Accelerating climate action by learning from gender mainstreaming

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In a new paper, Greener through gender: What climate mainstreaming can learn from gender mainstreaming, a team of scientists led by Steven Lam from the International Livestock Research Institute delves into the intersection of gender and climate considerations in global development efforts.

Published in early April 2024, the study explores how insights from gender mainstreaming efforts within the United Nations, which preceded climate mainstreaming, can help to accelerate climate mainstreaming.

As a case study, the team reviewed 57 policy, strategy, and guidance documents of select United Nations agencies working in food and agriculture – an area where climate change is hitting the hardest.

All these agencies incorporate the themes of gender and climate change in their work, though to varying degrees, as their findings revealed.

For example, key areas where climate mainstreaming fell short include strategic planning, leadership, organizational culture, and accountability.

Considering practices adopted in gender mainstreaming by these United Nations agencies, the paper offers three actionable strategies to enhance climate mainstreaming efforts.

  1. Implement multiple strategies: The study advocates for a dual approach that combines programmatic mainstreaming with targeted interventions. As gender mainstreaming recognizes the need for both integrated strategies and specific interventions, climate mainstreaming should adopt a similar approach to address the complex challenges of climate change effectively.
  2. Develop institutional accountability: Similar to the United Nations System-wide Action Plan 2.0 framework for gender mainstreaming, the paper calls for strong accountability mechanisms to track organizational climate mainstreaming progress. By ensuring transparency and monitoring, institutions can strengthen their commitment to climate action and bridge existing implementation gaps.
  3. Adopt a climate justice perspective: Embracing a climate justice perspective is central in prioritizing the needs of vulnerable populations and engaging diverse stakeholders in decision making processes. By recognizing the unequal impacts of climate change on marginalized communities and addressing intersecting forms of discrimination, climate mainstreaming efforts can become more equitable and inclusive.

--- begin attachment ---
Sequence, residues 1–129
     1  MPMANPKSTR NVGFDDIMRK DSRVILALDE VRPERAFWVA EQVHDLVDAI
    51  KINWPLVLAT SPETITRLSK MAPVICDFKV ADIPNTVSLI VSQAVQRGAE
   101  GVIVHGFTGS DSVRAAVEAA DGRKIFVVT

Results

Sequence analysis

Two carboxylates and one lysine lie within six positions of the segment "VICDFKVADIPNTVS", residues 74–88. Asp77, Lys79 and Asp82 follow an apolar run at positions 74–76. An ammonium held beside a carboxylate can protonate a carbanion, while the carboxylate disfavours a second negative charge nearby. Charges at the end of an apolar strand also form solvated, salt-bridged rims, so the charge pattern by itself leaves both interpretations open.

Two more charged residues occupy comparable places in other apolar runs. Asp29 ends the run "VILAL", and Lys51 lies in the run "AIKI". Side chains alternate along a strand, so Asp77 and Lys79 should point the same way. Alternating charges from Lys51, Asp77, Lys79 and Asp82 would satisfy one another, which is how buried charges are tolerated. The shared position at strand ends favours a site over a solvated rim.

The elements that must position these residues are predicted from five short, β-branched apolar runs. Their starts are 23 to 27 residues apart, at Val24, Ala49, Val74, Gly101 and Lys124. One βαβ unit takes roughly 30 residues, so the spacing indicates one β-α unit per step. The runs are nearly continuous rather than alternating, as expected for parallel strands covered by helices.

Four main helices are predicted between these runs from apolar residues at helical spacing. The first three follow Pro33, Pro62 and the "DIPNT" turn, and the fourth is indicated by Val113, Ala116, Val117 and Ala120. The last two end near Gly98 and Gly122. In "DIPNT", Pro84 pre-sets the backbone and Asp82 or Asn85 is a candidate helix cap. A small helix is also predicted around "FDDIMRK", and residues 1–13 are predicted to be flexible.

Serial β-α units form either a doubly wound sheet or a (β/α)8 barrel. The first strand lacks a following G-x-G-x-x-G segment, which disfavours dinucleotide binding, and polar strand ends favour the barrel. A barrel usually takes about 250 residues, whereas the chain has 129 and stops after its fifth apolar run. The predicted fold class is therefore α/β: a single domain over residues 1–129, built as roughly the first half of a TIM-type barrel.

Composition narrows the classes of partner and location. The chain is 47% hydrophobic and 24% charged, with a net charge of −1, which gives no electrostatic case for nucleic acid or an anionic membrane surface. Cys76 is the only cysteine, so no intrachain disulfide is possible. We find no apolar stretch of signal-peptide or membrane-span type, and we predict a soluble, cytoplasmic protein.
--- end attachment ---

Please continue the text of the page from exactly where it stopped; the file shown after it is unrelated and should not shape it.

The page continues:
This study offers a new perspective on advancing climate action by learning from the successes of gender mainstreaming.

By incorporating these strategies into development programs and policies, we can accelerate progress towards a more sustainable and resilient future.

‘Gender equality and climate resilience are inseparable pillars of sustainable development. At CGIAR, with a long tradition in gender research, we are committed to weaving these principles into our work, ensuring that our climate mainstreaming efforts empower all communities. A climate solution that does not work for women is not a climate solution,’ commented Nicoline de Haan, director of the CGIAR Gender Platform.

‘At the heart of effective climate action lies inclusivity and accountability. By drawing from the lessons of gender mainstreaming, CGIAR is initiating approaches that not only mitigate the impacts of climate change but also address systemic inequalities’ said Aditi Mukherji, director of the CGIAR Climate Change Adaptation and Mitigation Impact Area Platform.

The research was partly supported by the CGIAR Initiative on One Health, funded by contributors to the CGIAR Trust Fund. The Initiative aims to demonstrate how One Health principles – which include equity and sustainability – integrated into food systems can help address challenges at the human, animal, and environment health interface.

Lam, S., Novović, G., Skinner, K. and Hung Nguyen-Viet. 2024. Greener through gender: What climate mainstreaming can learn from gender mainstreaming. WIREs Climate Change e887.

Photo: Groundnut farmer in Malawi (ILRI/Stevie Mann)

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